Experts on transfer of development rights programs identify success factors
A new study
has been published in the
Journal of the American Planning Association
on Transfer of Development Rights (TDR) programs around the county.
and Noah Standridge, two veteran TDR consultants and planning practitioners, ranked the top 20 programs in terms of their success in preserving land, drawing from a pool of 191 TDR programs that have been implemented across the nation. Each of these is matched up with a list of potential success factors that have been recommended by experts in the academic literature. Finally, these suggested success factors are prioritized in value, depending on how often they show up in the most successful programs.
While the idea of TDR may be fairly new to the Charlottesville-Albemarle community, the concept has been in practice for about 40 years. The rate of success has varied widely between communities. Pruetz’s and Standridge’s evaluation of the factors that differentiate the successful programs from those that have not been able to meet their stated goals could help local leaders determine whether Charlottesville-Albemarle has the right conditions and aspirations for a successful TDR program.
Here is the top ten list of success factors from the study:
Applying the success factors to the Charlottesville-Albemarle context
Pruetz and Standridge emphasize that not all ten of these traits are necessary to run a successful program. For example, Montgomery County, Maryland does not have a TDR bank and does not promise developers can use TDR by-right, yet they have managed to conserve an average of 1,851 acres per year since the inception of the program in 1980. Another highly successful program, New Jersey Pinelands, scores quite low on simplicity points. All of these factors reinforce each other in complex ways, and the diversity of individual characteristics of each community make any simplistic formula for success impossible.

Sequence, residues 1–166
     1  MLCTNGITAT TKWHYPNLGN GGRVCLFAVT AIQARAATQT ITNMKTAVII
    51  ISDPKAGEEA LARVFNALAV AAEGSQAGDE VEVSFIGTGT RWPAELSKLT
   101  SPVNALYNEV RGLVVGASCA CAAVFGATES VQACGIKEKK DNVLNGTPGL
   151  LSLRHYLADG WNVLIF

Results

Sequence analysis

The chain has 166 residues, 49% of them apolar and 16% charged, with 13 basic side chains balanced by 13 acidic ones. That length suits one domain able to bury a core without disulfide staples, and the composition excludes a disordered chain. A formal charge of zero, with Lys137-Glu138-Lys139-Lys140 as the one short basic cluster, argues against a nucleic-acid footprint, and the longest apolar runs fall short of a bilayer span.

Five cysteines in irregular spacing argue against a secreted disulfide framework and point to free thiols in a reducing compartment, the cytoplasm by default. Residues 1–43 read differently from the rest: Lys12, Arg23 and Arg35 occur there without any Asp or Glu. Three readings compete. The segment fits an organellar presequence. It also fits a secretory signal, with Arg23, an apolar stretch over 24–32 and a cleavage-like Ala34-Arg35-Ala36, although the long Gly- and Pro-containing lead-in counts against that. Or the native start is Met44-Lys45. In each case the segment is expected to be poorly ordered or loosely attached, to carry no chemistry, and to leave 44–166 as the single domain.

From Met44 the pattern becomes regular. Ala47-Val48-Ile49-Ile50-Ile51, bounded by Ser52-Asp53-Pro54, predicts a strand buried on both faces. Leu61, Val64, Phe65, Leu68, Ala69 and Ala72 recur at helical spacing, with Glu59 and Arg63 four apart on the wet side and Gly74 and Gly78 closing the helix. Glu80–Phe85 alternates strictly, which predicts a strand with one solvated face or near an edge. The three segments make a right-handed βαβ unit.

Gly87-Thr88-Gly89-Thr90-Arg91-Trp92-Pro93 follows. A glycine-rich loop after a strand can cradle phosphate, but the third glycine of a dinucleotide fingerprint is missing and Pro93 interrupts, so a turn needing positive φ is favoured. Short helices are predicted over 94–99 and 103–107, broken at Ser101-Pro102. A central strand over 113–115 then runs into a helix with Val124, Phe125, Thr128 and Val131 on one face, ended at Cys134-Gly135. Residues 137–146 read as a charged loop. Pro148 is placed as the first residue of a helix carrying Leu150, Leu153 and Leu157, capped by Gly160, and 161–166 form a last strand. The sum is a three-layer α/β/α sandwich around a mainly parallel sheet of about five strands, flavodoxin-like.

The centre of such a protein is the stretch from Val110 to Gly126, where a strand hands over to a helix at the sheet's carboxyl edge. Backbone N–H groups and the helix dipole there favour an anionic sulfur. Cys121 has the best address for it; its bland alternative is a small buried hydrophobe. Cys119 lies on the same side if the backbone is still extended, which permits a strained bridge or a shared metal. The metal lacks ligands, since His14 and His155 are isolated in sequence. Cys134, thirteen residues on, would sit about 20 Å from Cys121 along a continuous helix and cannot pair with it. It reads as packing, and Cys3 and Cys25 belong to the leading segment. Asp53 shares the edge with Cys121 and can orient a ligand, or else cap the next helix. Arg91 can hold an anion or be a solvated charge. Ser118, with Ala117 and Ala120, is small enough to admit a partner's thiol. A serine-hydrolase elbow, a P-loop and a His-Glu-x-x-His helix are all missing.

However, there are some examples that relate to Charlottesville-Albemarle’s particular situation. Now that the City of Charlottesville has expressed an interest in TDR, the example of Boulder County, Colorado may prove illuminating. Their program, which began in 1989, has preserved 5,900 acres of land, and an expanded version was just ratified in the summer of 2008. Boulder County has entered into intergovernmental agreements with six different incorporated towns in the county in order to find acceptable receiving areas for development rights. The contracts give the cities the authority to set the receiving area within their boundaries, and they clarify the exact terms of a trade of development rights between the city and county.
King County, Washington, the TDR program with the best record in the country, also extends across political boundaries. There is potential for confusion, however, because each city government has its own policy of which development rights it is willing to accept. A municipal government, for instance, may only want to protect land within its own watershed. In 1998, The City of Seattle, located in King County, used TDR to allow developers to increase the number of stories on new buildings in a target neighborhood. Each additional story was priced at $120,000. Half of the cost went to purchasing three development rights from the county, and the other half was used for infrastructure improvements to the immediate vicinity of the development. Other creative arrangements between the two jurisdictions have been used since this initiative.
Albemarle County Supervisor Dennis Rooker (Jack Jouett)
has said that